From Memorial Day to Thanksgiving, the U.S. dairy sector reduced stocks by a third -- mostly to fill orders from overseas customers. (Photo: USDEC)
Exports were more important to the U.S. dairy industry than ever, accounting for 15.5% of U.S. milk production, up from the 13.1% average achieved in 2010-12.
Source: U.S. Dairy Export Council
U.S. dairy exporters took another stride forward in 2013, shipping record levels of milk powder, cheese, whey products, lactose and fluid milk, and gaining share among the world’s leading suppliers.
Overseas sales were worth $6.7 billion last year, up 31 percent from the year before. On a volume basis, exporters sold 3.91 billion pounds of milk solids, 19 percent more than 2012. Exports were more important to the U.S. dairy industry than ever, accounting for 15.5 percent of U.S. milk production, a step up from the 13.1-percent average achieved in 2010-12.
"U.S. exporters were able to capitalize on favorable market conditions for most of the year, as well as their increasing attention to the needs of the global market," explains Tom Suber, president of the U.S. Dairy Export Council (USDEC), the trade group that leads the industry’s overseas market development. USDEC is funded primarily by the dairy farmer checkoff.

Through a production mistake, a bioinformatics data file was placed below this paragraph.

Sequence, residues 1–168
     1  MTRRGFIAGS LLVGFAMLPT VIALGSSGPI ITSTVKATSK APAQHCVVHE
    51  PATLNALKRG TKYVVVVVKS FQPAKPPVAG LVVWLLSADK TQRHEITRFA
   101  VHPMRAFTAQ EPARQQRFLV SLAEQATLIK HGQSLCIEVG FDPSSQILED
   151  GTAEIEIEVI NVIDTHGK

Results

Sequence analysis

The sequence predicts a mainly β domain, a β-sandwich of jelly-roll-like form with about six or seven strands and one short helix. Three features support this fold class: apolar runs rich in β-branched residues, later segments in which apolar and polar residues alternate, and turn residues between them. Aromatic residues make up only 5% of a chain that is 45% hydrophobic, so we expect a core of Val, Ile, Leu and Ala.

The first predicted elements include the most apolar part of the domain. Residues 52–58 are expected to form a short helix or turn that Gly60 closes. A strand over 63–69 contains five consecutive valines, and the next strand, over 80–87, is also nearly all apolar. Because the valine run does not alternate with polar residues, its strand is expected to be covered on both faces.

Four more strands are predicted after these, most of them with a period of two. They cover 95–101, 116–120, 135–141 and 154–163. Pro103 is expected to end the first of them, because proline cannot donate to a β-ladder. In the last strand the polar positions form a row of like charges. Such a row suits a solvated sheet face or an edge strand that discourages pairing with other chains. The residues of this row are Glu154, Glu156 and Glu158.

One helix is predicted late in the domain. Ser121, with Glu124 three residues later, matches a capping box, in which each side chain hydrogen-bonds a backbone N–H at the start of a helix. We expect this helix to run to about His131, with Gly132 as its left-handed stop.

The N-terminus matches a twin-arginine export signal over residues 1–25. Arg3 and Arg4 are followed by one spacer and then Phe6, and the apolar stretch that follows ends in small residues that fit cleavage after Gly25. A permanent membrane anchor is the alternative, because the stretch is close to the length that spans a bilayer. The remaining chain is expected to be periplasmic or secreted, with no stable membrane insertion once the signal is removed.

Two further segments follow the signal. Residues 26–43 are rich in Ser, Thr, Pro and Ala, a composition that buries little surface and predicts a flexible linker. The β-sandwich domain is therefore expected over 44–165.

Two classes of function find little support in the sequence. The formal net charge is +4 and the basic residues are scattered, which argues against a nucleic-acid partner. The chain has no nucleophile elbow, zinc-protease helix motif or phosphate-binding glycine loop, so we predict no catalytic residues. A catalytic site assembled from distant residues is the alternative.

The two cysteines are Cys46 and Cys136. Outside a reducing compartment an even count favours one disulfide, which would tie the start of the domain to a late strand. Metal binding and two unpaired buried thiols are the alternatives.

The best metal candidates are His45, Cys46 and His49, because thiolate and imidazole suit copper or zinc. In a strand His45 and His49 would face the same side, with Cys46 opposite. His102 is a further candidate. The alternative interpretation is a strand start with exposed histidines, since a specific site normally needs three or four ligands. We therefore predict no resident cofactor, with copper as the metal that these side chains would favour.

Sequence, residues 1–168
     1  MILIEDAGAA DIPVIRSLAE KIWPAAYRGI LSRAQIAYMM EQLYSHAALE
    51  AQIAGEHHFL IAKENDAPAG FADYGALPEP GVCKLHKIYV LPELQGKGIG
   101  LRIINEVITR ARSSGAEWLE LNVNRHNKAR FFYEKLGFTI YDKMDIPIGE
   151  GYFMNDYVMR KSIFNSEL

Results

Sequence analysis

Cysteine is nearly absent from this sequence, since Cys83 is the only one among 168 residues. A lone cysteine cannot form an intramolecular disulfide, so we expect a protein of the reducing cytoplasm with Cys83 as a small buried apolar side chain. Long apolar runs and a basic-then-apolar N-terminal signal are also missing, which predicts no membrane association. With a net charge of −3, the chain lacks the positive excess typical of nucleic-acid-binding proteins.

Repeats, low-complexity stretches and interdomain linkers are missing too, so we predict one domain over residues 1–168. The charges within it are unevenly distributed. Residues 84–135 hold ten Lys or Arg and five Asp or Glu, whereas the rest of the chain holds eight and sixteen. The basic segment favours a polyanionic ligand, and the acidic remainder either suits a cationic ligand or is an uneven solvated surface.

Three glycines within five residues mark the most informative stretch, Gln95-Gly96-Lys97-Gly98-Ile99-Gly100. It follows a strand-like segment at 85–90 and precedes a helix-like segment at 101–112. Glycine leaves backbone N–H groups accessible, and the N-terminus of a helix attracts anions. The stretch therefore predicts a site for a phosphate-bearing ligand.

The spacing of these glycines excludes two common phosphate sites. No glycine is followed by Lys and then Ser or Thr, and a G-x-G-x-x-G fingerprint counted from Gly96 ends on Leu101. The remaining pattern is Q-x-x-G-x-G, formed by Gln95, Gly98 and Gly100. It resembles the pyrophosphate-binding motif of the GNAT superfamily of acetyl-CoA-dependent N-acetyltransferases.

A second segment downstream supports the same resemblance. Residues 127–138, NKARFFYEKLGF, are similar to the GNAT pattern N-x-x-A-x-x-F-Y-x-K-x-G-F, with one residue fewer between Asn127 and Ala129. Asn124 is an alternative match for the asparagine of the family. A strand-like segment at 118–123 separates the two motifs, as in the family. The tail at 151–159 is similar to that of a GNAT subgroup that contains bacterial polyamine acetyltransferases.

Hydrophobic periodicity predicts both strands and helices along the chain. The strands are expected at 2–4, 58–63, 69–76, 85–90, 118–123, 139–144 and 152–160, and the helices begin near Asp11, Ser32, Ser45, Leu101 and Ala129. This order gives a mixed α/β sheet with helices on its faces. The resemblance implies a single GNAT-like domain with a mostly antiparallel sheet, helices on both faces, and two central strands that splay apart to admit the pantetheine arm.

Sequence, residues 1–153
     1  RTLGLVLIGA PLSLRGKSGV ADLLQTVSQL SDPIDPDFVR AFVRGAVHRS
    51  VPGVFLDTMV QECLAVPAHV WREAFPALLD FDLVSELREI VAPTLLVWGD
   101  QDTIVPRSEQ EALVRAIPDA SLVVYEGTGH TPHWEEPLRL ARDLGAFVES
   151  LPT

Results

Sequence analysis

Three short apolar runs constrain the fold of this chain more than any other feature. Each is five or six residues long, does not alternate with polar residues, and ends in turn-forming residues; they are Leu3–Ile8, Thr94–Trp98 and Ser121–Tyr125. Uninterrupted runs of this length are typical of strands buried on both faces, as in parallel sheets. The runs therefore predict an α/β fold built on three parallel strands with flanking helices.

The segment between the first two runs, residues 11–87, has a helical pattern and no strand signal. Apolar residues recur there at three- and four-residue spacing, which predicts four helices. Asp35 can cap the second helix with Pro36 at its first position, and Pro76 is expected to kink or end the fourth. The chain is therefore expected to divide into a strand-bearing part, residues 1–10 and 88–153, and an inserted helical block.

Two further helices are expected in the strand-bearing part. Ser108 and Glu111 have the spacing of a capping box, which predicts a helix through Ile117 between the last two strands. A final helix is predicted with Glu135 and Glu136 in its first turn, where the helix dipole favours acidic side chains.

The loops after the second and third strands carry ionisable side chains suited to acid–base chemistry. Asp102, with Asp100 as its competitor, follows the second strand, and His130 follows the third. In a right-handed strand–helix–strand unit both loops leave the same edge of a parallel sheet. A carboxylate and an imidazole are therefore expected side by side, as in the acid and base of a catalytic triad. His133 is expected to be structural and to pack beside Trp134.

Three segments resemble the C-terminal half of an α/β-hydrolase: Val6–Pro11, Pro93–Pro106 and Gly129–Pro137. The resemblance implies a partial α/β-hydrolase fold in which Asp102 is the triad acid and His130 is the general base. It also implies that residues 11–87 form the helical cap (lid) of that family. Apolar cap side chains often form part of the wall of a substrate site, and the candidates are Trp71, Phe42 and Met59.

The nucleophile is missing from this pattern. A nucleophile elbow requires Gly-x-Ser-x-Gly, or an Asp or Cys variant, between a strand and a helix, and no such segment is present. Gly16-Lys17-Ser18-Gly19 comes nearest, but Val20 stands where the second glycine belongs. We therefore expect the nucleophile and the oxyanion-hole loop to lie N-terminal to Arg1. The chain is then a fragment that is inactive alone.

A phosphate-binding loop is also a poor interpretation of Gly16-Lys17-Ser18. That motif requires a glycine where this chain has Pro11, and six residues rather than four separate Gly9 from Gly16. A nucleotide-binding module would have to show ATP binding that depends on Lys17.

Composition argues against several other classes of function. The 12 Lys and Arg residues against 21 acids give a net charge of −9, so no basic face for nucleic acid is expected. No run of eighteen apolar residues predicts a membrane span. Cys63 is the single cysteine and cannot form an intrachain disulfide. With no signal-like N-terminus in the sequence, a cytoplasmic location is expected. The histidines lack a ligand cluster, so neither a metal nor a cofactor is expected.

"Overseas demand remained strong, led by China and Russia. Production from Oceania, Europe and South America was shorted by weather issues. And world prices rallied significantly in the second quarter, making U.S. prices more attractive by comparison. Faced with these factors, overseas buyers turned to the United States like never before, and U.S. suppliers responded," he says.
Exports played a key role in clearing the domestic market, notes Paul Rovey, a dairy farmer from Arizona and chairman of USDEC.
"In 2013 we had our second-best milk price ever, and we accomplished this in a year when commercial inventories of cheese, butter and powder climbed to record highs in the first half of the year," Rovey says. "But from Memorial Day to Thanksgiving we reduced stocks by a third – mostly to fill orders from overseas customers. Our strong export sales at historically high prices are a major contributor behind the tight markets and strong commodity and milk prices we see today."
U.S. suppliers gained share of the world market in 2013 as well. Among the world’s top nine exporters, U.S. share of volume of milk powder, cheese, butterfat and whey products was 19.0 percent, up from 16.1 percent the year before. U.S. share of nonfat dry milk/skim milk powder trade among the world’s top nine climbed to 31.5 percent (vs. 26.1 percent in 2012) and cheese trade among the world’s top nine increased to 16.6 percent (vs. 13.9 percent in 2012).
"2013 caps a transformative decade for the U.S. dairy industry," says Suber. "Over the last 10 years, exports grew nearly every year. They increased 21 percent per year by value and 13 percent per year by volume. A decade ago the United States shipped less than 6 percent of its milk production overseas. Today that figure approaches 16 percent.
"Beyond the numbers, we’ve seen a dramatic shift in the way U.S. suppliers approach the export market," he says. "Exports clearly hold a more important place in the strategic plans of our industry. In addition, manufacturers, processors and traders are becoming increasingly attuned to the needs of overseas customers, producing more of the right product, with the right specifications, in the right package, for buyers in dozens of markets around the world. That’s great news for the dairy farmers and industry members who fund USDEC."